Under the MRTP Act, of the 162 societies that were issued notices, 34 have complied, while 13 have sought an extension.
Mumbai: The Brihanmumbai Municipal Corporation (BMC) has decided to offer a final chance to housing societies that, despite having received notices, have turned a blind eye towards waste segregation and composting.
The societies will be asked to set up their own deadline for waste management, and failing to comply it, will face strong action like prosecution and penalty, warned civic officials. “It has been found that many housing societies are still not serious about BMC’s notices to carry out waste segregation and composting. Many of them have blatantly misused the space reserved for waste management on their premises. So as a last-ditch effort, they will be asked to prepare their own deadline to compost waste . If they fail to comply, they will face prosecution as well as a penalty,” said an official.
According to civic data, out of 3,335 societies, 3,308 were issued notices under the municipal act for not carrying waste management on their premises. Of them, 680 have complied with the notices, whereas 1,242 have sought an extension for compliance.
Under the MRTP Act, of the 162 societies that were issued notices, 34 have complied, while 13 have sought an extension. Housing societies which were constructed since 2007, where the earmarked area for vermi-composting is free of FSI but used for other purposes, change of use action will be initiated against them.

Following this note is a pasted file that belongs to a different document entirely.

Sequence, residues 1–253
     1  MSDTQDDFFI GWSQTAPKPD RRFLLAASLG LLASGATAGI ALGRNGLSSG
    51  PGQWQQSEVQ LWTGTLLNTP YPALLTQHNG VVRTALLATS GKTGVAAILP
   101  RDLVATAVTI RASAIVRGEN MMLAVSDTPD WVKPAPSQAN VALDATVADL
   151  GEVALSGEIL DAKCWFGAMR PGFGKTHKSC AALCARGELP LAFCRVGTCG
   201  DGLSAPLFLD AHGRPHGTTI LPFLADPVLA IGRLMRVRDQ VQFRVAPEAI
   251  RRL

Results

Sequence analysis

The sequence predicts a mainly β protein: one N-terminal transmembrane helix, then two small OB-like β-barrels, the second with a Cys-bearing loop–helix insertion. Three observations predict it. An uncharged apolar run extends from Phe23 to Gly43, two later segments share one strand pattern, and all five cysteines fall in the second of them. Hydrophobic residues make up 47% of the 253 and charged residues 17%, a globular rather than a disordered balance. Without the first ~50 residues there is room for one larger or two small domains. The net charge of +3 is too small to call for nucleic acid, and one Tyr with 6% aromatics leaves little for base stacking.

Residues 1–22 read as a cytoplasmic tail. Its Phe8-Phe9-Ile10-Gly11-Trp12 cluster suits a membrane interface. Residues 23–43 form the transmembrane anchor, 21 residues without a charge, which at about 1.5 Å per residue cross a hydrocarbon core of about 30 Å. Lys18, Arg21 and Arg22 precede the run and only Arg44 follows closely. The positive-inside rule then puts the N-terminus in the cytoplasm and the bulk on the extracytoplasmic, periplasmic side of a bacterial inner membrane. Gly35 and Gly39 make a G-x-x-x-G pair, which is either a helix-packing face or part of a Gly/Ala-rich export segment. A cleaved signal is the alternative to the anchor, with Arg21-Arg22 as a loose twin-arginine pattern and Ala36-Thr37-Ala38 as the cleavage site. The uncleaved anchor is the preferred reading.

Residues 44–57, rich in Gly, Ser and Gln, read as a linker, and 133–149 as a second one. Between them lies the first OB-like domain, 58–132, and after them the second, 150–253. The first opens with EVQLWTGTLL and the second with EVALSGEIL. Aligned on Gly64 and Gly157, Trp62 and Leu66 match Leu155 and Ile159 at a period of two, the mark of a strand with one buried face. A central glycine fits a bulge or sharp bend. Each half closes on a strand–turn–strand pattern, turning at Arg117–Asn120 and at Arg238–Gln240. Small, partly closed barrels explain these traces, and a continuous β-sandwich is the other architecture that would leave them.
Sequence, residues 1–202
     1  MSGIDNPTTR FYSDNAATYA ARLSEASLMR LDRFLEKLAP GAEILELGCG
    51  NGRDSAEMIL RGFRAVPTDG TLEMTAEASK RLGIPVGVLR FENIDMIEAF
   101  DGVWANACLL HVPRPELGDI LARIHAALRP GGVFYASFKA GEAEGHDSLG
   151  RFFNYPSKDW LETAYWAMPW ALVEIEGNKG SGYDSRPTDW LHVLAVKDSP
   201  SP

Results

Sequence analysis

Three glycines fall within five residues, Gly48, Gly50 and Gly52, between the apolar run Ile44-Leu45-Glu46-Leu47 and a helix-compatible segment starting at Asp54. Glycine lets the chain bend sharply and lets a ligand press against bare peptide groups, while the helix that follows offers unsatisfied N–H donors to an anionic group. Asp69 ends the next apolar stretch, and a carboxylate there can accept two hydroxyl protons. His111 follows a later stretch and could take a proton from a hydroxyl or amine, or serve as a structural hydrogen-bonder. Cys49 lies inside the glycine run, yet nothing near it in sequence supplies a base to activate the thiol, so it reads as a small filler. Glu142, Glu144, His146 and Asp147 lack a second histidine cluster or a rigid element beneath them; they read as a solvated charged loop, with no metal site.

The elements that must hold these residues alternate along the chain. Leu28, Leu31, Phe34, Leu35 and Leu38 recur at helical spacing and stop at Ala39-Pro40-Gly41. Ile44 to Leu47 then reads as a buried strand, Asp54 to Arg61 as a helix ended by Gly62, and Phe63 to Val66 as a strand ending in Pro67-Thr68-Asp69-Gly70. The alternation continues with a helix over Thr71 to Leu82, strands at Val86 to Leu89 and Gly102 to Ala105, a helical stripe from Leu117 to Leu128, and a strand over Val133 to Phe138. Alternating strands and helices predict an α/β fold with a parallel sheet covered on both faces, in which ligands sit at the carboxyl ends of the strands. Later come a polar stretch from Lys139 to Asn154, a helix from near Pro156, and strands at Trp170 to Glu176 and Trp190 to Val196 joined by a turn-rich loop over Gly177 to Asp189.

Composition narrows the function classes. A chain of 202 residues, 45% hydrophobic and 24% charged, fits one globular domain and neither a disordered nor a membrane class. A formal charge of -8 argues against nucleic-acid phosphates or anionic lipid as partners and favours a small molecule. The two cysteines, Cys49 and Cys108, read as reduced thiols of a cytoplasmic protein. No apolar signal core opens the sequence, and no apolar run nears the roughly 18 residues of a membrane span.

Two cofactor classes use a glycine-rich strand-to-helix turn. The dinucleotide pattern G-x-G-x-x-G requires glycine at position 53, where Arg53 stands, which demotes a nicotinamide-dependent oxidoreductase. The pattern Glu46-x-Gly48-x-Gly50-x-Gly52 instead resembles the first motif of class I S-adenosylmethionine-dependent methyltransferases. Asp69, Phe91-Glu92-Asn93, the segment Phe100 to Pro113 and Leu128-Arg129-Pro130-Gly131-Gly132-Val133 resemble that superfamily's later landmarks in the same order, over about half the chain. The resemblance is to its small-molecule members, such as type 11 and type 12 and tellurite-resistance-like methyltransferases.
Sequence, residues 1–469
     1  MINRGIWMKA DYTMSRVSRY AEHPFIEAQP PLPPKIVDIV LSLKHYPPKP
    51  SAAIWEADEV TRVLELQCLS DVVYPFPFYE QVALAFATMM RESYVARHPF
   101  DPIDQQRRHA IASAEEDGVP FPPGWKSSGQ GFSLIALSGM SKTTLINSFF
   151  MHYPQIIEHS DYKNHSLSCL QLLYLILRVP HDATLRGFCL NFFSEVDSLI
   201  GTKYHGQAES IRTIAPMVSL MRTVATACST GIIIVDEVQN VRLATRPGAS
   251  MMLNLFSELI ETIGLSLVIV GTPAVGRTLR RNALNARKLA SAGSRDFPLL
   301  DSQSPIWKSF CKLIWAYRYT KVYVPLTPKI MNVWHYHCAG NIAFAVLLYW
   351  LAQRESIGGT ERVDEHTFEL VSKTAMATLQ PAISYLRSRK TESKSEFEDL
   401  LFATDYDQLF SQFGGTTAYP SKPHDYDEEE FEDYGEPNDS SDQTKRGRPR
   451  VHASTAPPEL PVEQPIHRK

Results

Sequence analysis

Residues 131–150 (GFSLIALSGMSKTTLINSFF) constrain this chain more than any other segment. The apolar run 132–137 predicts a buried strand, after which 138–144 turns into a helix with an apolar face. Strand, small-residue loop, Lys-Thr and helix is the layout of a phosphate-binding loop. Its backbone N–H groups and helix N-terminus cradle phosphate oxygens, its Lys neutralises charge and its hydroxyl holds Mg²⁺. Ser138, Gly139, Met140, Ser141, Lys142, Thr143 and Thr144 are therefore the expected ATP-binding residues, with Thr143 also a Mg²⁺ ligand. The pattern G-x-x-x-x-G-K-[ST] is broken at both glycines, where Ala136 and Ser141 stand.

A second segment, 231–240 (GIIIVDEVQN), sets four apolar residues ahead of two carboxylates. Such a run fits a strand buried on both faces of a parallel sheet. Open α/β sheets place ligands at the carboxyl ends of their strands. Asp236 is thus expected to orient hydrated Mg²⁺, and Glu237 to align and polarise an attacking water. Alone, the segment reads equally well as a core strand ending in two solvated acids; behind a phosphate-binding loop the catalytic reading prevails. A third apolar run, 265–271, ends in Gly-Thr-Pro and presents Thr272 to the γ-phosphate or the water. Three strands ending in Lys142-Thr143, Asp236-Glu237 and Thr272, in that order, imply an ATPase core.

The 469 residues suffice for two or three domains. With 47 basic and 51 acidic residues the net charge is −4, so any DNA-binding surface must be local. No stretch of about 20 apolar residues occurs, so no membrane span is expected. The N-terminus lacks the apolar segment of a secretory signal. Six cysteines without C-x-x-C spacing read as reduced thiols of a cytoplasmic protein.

Under the Act, officials of housing societies are liable to face three months’ imprisonment, which can be extended to three years, for not carrying out waste management. Addition-ally, a penalty from Rs 2,500 to Rs 10,000 will also be levied on these societies under the Act. They will also be charged an additional daily fine of Rs 100.
If the organic waste converter is not provided or operated in the society premises, the MPCB has been asked to take action under the provision of Environment Protection Act 1986.
The civic body had threatened not to pick up garbage and fine and prosecute housing societies for failing to segregate the garbage and treat it on their premises by October 2. However, the civic body later decided to relax its deadline by three months on the condition that societies give a written assurance that they would undertake waste management projects within the stipulated period. However, even that deadline has passed.